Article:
February 12, 2008

Happy Birthday Chuck and Abe

Darwin and LincolnToday is the 199th birthday of two men who belong to the ages, Charles Darwin and Abraham Lincoln. It is one of those great historical coincidences that both were born on the same day and that both held many values in common that shaped the respective legacies they left us. To review their accomplishments would be trite, I think. That Darwin formulated the first set of ideas that served to unify the field of biology, shifting the way in which mankind viewed the natural world and how it came to be, and that Lincoln undertook the unforgiving task of reforming American society to exclude one person's ownership of another are things that every school child understands in some way.

Darwin also had his own views on slavery. He wrote, for instance:

It is often attempted to palliate slavery by comparing the state of slaves with our poorer countrymen: if the misery of our poor be caused not by the laws of nature, but by our institutions, great is our sin; but how this bears on slavery, I cannot see; as well might the use of the thumb-screw be defended in one land, by showing that men in another land suffered from some dreadful disease. Those who look tenderly at the slave owner, and with a cold heart at the slave, never seem to put themselves into the position of the latter; what a cheerless prospect, with not even a hope of change! picture to yourself the chance, ever hanging over you, of you wife and your little children - those objects which nature urges even the slave to call his own - being torn from you and sold like beasts to the first bidder! And these deeds are done and palliated by men, who profess to love their neighbours as themselves, who believe in God, and pray that his Will be done on earth! It makes one's blood boil, yet heart tremble, to think that we Englishmen and our American descendants, with their boastful cry of liberty, have been and are so guilty: but it is a consolation to reflect, that we at least have made a greater sacrifice, than ever made by any nation, to expiate our sin.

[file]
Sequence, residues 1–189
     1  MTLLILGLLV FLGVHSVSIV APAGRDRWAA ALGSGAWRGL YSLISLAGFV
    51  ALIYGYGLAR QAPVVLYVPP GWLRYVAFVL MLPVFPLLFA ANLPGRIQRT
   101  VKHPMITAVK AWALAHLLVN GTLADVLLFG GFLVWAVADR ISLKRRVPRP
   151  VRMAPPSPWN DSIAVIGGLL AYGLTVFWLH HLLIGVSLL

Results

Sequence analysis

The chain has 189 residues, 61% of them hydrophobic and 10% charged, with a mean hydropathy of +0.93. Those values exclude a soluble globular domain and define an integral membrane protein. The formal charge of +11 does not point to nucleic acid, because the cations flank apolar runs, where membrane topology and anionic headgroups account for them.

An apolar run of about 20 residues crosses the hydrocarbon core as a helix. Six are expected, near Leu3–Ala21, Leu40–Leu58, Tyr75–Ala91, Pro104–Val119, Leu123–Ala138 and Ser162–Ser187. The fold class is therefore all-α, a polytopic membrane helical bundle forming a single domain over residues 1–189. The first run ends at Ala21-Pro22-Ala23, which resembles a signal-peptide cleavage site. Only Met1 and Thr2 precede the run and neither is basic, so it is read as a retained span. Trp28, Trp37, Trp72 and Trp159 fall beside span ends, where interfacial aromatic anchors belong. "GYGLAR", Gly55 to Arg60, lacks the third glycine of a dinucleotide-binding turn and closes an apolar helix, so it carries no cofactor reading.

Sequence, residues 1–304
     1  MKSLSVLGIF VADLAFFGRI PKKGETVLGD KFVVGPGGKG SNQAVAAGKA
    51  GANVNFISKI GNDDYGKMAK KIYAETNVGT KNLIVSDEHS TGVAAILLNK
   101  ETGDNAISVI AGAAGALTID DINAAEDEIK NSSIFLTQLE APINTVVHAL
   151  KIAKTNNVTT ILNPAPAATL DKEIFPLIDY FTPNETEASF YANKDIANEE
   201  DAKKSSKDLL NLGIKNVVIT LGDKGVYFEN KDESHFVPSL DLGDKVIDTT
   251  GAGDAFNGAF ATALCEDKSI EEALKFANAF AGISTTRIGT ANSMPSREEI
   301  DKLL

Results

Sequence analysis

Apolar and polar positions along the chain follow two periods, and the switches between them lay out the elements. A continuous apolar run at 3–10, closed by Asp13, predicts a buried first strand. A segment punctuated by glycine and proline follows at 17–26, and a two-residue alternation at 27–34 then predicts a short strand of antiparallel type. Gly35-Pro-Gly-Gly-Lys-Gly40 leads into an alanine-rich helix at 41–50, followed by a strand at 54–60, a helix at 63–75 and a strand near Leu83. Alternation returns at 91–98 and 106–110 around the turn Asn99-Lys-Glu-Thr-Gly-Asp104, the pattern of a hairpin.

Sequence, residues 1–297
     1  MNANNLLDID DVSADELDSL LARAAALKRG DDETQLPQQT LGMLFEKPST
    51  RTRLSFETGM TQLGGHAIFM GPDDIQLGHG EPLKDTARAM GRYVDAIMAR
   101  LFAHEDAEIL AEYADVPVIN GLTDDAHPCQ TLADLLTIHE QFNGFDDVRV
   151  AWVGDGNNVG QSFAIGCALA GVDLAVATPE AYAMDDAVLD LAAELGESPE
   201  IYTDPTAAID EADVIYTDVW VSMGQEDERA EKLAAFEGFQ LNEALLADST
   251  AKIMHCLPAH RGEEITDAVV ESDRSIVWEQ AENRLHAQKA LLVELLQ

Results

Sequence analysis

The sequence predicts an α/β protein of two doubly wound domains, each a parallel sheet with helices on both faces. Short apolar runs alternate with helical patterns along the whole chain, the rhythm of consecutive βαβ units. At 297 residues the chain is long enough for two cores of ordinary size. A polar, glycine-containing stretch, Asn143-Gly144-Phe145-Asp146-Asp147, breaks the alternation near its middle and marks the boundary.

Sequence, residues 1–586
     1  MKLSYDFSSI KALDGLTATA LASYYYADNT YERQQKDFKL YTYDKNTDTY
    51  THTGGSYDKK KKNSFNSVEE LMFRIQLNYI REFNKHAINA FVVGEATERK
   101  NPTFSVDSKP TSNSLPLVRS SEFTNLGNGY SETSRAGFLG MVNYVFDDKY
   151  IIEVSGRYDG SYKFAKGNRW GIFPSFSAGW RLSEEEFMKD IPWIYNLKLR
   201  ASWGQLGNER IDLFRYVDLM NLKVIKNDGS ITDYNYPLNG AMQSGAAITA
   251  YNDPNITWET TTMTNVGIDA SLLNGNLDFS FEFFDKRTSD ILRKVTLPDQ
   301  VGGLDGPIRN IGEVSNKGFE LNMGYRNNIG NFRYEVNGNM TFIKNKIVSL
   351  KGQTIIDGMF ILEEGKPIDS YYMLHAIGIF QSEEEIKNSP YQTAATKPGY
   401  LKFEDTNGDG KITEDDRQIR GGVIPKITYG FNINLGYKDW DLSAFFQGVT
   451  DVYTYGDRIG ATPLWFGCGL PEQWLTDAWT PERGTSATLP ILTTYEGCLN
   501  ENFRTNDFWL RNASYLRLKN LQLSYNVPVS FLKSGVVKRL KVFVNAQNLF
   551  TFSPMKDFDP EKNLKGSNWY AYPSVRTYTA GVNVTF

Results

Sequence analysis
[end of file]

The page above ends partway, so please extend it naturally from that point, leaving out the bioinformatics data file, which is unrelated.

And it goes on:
The Voyage of the Beagle, Chapter 21

I don't know if Lincoln was ever aware of Darwin's theory of evolution, having been assassinated five years after its publication. I have no idea how he might have felt about the notion that life changes slowly over time, creating new organisms from old. I get an inkling from his preserved quotes that he would have agreed with the notion that diverse populations are more likely to survive longer than are homogeneous ones, but it's nothing I can prove. It will have to suffice that Lincoln ended legally-sanctioned slavery in the United States, one of the last European-descended nations to do so (Brazil was the last, I think, in 1888).

I will be teaching today; it seems an appropriate thing to teach a biology class on Darwin's birthday. I'm not sure how to work Lincoln into today's lab, though.

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